Last week we posted our second article on the competencies of High Impact / High Growth companies. The article covered How to Budget Your Marketing Spend which included online and social media.
This newsletter is focused on how to make sense of the data.
Although the internet and social media platforms allow for almost unlimited flexibility you still need to chart how you want them to move through your messages.
Start with plotting how you want visitors to navigate. An example of this approach:
- Starting with an email list, publish a newsletter that is informational – things your readers want to know.
- Using your newsletter tracking function to identify how many emails bounced, how many people unsubscribed, how many are opened, and how many are clicked.
What do you know?
- Quality of mail list – too many bounces suggests the list is old, too many unsubscribed suggests the list is too generic.
- Quality of subject line – people only open emails that grab their attention. Is your subject line compelling?
- Quality of the text – does it read well, is it interesting to the reader, is there a call to action (CTA link).
A simple rule we use – only one link per email and not to your home page. Don’t make it difficult to interpret the results. Have 1 goal for the CTA and one location that is not subject to SEO traffic. Most organic searches take people to the home page, take the CTA to a different location. Good options – Blog, Landing, or eCommerce page.
Once you have them at the desired location – what is your goal? Share an email from a download, purchase something, schedule a call? Having a stated goal allows you to measure performance of the campaign.
We track campaign strategy by creating a spreadsheet and comparing the results with industry metrics and our historical record.
Let’s look at what this email campaign is telling us. Starting with budget we got a multiple of 100 times – $30 dollars earned $3,000 and an improvement over our average of $2,000 campaign sales.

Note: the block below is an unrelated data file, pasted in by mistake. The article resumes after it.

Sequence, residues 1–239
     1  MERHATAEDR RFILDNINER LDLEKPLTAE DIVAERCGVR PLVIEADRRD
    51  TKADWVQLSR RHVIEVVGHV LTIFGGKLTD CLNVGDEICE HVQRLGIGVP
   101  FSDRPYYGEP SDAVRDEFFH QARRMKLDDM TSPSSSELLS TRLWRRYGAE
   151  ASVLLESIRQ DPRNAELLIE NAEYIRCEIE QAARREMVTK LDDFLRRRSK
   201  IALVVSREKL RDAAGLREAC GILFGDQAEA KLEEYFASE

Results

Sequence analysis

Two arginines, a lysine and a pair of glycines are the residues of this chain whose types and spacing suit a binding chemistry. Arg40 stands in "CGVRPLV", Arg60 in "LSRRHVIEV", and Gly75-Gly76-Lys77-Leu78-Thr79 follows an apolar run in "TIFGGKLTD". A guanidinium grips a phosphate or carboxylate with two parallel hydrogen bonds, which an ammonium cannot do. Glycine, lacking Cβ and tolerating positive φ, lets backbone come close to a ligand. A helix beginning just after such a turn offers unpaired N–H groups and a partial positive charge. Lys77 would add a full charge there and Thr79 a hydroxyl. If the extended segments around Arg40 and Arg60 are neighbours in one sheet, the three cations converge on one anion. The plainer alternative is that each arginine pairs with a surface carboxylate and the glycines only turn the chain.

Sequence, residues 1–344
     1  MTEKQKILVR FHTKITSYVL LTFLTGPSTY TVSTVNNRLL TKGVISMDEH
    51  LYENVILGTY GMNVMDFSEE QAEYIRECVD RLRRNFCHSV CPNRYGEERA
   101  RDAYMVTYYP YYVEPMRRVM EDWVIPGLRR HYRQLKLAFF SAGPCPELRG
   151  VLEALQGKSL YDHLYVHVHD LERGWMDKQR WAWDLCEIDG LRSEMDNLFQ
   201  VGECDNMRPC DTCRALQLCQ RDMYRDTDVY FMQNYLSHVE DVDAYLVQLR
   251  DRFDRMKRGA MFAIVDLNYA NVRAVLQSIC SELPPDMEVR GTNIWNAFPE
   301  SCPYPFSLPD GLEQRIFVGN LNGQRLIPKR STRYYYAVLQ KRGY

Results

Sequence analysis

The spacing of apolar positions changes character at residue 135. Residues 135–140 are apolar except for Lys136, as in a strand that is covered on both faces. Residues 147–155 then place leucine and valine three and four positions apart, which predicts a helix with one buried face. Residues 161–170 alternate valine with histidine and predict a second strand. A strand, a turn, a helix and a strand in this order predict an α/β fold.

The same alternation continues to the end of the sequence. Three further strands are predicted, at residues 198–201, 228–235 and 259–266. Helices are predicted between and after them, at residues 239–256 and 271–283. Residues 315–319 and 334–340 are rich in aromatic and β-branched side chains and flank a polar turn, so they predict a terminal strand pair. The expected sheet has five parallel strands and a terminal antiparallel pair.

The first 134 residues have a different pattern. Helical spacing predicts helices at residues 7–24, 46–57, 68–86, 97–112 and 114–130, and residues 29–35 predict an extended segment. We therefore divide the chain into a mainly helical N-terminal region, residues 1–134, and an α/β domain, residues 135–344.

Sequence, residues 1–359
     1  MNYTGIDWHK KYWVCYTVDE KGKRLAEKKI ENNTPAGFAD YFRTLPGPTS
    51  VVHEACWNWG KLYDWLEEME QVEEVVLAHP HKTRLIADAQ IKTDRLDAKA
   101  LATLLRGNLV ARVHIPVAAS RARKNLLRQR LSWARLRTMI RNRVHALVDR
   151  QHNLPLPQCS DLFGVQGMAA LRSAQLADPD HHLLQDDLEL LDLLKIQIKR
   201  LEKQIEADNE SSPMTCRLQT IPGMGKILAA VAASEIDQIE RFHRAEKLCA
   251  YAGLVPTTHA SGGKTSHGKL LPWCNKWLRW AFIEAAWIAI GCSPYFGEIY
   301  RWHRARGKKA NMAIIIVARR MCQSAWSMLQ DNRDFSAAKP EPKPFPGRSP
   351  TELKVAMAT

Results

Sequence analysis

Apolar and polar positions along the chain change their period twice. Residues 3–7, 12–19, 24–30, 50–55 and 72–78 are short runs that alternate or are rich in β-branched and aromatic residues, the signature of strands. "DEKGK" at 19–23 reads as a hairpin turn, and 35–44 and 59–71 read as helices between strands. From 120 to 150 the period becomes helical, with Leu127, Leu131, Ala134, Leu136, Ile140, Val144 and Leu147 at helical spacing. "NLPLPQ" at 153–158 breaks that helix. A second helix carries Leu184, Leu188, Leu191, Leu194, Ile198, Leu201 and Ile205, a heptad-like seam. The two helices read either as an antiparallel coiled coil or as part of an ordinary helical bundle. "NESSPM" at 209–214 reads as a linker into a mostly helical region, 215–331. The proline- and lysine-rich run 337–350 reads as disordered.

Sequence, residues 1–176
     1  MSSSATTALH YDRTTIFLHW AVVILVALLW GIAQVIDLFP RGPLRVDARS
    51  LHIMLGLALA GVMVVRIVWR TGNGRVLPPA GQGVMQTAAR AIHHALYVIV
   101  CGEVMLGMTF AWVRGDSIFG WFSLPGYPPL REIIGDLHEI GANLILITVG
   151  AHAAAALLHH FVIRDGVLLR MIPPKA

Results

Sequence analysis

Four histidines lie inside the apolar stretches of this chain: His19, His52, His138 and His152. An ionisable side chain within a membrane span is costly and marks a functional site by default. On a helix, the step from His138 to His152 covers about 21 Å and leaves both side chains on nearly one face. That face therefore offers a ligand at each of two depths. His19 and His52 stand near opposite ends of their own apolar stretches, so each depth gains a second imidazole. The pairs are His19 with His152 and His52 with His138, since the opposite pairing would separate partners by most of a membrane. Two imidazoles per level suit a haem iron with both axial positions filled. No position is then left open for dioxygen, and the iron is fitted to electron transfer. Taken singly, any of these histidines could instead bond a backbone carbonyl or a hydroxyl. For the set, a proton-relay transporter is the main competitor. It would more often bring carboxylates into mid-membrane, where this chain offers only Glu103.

We sent 1,000 emails and 900 were received that means we had 100 emails either bounce or the individual unsubscribed. 900 were received and 200 were opened. 22% is an average industry number and better than your average. It means you had an average subject line.
Given the 200 emails opened, 100 people read it and clicked the CTA at the bottom of the page. 50% is an excellent metric and means the text and the call to action grabbed the reader’s attention.
55 people visited the linked page. Why isn’t the number as the same as emails clicked? Not everybody will click but rather conduct their own search – don’t expect these numbers to match. Instead of spending just 30 seconds on the page, the people that clicked spent 3 minutes – a large increase over the average – a well written page.
Since your conversion goal was sales, 18 people out of the 1,000 purchased the item being featured. That turned to be a $1,000 increase from the average.
If these were my numbers, what are the conclusions?
- List needs to be curated. Review the list and see if there are names to exclude;
- I need to improve the subject line to get more opens;
- The text format and CTA in the email were dead on, continue the approach for the next campaign;
- The same is true for the web page / landing page.
The only way you can get your arms around the effectiveness of marketing spend is to track each step. For more information contact me (Bill Eastman) @833.784.7336 ext 103 and I will help you build a tracking template. Don’t forget to visit our blog post for more details.
Next Newsletter – How to further refine your offer (products or services) to better meet customer needs and prevent competitors from moving in.